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Top 5 things to do in Warsaw, Poland

Warsaw may not be your typical ‘beautiful city’ as some other Central European capitals are famous for, but if you give it a chance and are prepared to explore its…

Warsaw may not be your typical ‘beautiful city’ as some other Central European capitals are famous for, but if you give it a chance and are prepared to explore its inner beauty, you will realise it’s a city full of energy. Ninety percent of the city was destroyed during WW2, and the Warsaw you will see today is still a result of the vast damage it suffered during the war, especially after the reconstruction and remodelling of its architecture. Even the famous ‘Old Town’ is actually fairly ‘new’ as it’s only about 40 years old, but due to its amazing reconstruction it has reserved a place on UNESCO’s list of World Heritage Sites. Warsaw also provides a great twin centre holiday with Krakow, giving you the chance to really see the best of Poland.

Everybody asks me how many days are enough for Warsaw, and two are probably enough if you want to see the major attractions and places of importance in the city, but note that the longer you stay the more you will discover and fall in love with. No matter what, Warsaw today represents a vibrant and cultural city that definitely deserves a visit during your journey through Poland, because its finer features do eventually stand out.

So let’s start. Top 5 recommended things to do in Warsaw include;


This is the best place to begin your sightseeing in Warsaw, simply because this is the oldest historic district of the city and the location of Warsaw’s most important landmarks. At the entrance of the Old Town you will discover the Royal Castle, where I definitely recommend you a visit as you will learn a lot about the history of Warsaw’s Old Town. The palace used to be an official residence of Polish monarchs, which after WW2 was totally demolished, today stands as a red brick building serving as a museum after the reconstructed interiors were finished in 1984. I recommend you grab a ticket and have a wonder through its impressive interiors at one of Europe’s most important royal residences. (Regular ticket: 22PLN)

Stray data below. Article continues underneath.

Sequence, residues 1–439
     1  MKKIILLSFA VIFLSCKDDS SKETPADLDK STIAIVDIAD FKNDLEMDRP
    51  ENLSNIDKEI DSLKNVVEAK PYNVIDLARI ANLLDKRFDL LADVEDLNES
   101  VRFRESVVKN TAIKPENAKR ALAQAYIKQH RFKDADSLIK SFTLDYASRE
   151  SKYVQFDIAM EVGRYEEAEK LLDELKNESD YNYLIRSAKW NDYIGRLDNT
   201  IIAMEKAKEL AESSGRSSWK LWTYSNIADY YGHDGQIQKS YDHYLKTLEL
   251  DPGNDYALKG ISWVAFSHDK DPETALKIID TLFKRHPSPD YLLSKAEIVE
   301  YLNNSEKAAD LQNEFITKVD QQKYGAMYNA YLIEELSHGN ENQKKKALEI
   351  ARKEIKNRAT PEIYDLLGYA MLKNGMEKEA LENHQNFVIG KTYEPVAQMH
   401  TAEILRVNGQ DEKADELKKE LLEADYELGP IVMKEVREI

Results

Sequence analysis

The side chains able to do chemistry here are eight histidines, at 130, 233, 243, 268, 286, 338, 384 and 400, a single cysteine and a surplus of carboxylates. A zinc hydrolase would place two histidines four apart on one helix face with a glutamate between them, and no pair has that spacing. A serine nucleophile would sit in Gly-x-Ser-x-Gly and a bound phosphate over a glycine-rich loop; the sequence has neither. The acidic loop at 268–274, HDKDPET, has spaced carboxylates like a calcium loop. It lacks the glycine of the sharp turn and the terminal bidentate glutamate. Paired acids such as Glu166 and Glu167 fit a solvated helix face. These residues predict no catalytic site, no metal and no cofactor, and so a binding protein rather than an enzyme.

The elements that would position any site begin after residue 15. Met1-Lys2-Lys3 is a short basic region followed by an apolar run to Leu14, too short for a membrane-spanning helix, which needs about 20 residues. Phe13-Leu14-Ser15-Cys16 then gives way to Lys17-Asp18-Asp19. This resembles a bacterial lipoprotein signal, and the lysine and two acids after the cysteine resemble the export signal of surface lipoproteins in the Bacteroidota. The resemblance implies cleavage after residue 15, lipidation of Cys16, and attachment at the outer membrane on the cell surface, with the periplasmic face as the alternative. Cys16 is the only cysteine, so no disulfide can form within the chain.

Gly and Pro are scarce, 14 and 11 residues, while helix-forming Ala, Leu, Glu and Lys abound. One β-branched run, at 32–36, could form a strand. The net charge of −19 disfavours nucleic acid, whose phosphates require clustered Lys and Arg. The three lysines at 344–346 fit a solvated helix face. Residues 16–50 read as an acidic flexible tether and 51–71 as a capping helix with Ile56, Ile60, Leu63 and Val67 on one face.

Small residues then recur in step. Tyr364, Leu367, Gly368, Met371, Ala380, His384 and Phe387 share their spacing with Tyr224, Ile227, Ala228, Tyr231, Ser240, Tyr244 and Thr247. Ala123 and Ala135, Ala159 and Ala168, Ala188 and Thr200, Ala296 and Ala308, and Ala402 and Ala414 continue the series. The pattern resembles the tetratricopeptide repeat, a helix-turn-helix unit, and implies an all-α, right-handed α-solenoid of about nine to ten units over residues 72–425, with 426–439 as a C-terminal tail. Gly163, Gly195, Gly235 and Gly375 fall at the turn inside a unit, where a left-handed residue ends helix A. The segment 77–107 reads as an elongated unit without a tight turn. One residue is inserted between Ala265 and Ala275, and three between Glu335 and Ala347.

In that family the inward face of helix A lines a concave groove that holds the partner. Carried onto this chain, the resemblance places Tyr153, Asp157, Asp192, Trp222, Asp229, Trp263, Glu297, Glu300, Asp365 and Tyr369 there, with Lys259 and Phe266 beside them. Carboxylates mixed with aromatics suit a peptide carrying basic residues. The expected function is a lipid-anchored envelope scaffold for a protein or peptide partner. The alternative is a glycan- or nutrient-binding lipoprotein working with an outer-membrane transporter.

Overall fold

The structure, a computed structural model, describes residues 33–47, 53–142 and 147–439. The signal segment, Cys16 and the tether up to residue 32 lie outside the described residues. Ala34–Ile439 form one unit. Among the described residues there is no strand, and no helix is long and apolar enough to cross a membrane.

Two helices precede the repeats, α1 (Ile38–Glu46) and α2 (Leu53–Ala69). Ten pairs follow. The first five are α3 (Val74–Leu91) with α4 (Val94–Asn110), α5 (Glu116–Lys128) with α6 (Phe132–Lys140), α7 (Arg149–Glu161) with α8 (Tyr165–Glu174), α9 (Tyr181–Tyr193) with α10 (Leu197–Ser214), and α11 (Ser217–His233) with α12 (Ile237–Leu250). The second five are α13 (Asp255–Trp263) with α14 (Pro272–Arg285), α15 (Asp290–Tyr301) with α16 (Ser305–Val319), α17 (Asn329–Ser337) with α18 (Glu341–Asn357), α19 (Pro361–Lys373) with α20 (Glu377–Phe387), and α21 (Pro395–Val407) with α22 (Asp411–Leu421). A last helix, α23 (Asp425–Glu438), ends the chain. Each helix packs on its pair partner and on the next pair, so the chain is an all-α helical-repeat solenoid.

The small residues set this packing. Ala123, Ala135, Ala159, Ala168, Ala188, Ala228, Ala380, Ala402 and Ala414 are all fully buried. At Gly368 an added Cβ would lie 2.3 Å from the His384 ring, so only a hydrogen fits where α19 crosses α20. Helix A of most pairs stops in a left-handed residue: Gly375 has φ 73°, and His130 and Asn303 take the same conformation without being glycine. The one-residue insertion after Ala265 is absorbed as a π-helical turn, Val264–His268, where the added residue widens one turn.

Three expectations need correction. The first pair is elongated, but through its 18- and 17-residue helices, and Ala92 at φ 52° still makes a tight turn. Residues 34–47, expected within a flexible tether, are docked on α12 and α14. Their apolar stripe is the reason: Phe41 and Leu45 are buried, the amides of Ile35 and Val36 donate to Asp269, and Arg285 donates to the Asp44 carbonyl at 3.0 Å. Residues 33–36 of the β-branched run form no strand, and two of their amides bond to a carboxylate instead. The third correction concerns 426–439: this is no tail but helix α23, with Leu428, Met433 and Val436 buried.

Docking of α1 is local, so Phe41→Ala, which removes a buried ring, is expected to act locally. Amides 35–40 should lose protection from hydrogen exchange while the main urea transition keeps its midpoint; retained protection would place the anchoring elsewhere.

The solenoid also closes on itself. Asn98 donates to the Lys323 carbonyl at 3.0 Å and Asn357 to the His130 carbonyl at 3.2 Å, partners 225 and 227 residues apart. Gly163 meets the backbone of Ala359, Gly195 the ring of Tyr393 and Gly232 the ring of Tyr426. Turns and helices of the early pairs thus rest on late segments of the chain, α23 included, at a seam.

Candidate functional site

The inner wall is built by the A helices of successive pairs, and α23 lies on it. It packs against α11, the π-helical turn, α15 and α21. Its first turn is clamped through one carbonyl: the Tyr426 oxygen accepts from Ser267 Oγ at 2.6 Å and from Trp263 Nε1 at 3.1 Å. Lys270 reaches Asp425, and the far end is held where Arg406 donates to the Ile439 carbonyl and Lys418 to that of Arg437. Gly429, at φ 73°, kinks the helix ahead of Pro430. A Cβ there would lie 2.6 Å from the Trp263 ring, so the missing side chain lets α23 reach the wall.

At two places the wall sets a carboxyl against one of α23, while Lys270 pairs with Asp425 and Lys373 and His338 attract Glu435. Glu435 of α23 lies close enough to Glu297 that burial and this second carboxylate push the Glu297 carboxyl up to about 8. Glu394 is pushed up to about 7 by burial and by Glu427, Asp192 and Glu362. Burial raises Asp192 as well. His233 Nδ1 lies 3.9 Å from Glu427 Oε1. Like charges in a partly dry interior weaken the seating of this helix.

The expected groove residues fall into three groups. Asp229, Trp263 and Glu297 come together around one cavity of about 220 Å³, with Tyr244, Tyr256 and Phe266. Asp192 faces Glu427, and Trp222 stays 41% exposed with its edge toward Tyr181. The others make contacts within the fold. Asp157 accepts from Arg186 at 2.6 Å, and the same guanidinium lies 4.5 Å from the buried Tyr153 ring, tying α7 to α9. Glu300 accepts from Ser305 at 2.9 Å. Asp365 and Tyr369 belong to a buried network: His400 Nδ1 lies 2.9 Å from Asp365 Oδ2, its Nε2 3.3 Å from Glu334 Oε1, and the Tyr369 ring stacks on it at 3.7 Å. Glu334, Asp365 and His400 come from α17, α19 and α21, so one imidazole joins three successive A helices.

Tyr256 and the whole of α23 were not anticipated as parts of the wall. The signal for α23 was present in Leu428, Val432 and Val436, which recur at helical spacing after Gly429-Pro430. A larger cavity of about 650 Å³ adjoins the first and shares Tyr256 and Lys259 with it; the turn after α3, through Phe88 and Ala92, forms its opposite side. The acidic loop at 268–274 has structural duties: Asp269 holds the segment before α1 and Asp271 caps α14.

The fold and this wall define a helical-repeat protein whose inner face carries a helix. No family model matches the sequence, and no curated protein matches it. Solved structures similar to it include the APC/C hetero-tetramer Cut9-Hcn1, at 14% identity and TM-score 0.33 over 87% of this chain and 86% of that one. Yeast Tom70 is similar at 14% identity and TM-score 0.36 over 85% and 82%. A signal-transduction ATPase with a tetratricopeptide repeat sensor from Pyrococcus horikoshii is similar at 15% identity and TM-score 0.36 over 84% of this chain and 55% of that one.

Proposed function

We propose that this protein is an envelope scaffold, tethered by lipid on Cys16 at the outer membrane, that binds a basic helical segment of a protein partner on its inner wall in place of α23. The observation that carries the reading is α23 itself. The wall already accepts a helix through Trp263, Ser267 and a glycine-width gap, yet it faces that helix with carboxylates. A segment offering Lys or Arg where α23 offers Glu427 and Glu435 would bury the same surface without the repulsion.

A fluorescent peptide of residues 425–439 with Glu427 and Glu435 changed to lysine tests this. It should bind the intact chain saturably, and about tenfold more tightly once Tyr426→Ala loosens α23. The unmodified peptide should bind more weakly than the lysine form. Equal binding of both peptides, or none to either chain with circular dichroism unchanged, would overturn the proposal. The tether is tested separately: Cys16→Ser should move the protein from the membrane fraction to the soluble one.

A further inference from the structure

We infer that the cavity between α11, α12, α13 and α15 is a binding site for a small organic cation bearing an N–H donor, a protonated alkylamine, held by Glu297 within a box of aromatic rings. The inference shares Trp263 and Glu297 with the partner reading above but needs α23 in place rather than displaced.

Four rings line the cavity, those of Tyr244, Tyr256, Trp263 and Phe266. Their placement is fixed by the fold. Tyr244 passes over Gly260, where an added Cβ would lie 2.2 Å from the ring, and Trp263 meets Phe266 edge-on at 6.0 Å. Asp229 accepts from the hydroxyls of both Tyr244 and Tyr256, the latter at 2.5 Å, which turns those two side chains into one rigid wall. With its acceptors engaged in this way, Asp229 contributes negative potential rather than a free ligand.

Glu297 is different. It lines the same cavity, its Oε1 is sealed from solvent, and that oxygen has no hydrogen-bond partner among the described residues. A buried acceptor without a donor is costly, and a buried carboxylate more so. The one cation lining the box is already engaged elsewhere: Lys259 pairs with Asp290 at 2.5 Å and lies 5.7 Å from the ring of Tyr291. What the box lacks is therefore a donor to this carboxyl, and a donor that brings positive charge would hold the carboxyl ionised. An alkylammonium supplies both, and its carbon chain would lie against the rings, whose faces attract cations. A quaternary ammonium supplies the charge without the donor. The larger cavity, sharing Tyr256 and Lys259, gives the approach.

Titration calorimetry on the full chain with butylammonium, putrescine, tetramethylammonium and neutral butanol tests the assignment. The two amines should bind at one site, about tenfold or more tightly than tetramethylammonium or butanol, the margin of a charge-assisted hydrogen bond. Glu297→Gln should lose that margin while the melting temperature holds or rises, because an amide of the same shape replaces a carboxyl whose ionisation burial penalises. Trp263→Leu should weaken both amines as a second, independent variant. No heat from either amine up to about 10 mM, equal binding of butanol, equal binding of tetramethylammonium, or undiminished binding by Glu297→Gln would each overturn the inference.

Right in front the Royal Castle you can find a 22 meter high column, which is known as the Sigismund III Vasa Column. The column was moved from the previous capital of Poland, Krakow, to today’s capital city Warsaw. During the Warsaw Rising the column was demolished by the Germans but was repaired and placed four meters away from the original place.

Walking further from the Castle Square you will move into the heart of the Old Town Square, which is filled with tourists enjoying the architecture, artists and numerous cafes and restaurants nearby. The Old Town Square is the most famous for the statue of Syrena (Mermaid), which is a symbol for Poland’s capital.

The Old Town is also home to one of Warsaw’s oldest churches, which is St. John’s Cathedral, famous for it’s neo-Gothic pieces of architecture. When heading north you will spot the Barbikan. The Barbikan represents the remaining relics of the historic fortifications that once encircled Warsaw, and it is also the border between the Old and New Town.

What surprised me is that sometimes we simply do not pay attention to the details and are only attracted by big things, but if you look deeper, you will find many of Warsaw’s hidden sights in the Old Town and you may even spot some of the original bullet marks caused during WW2.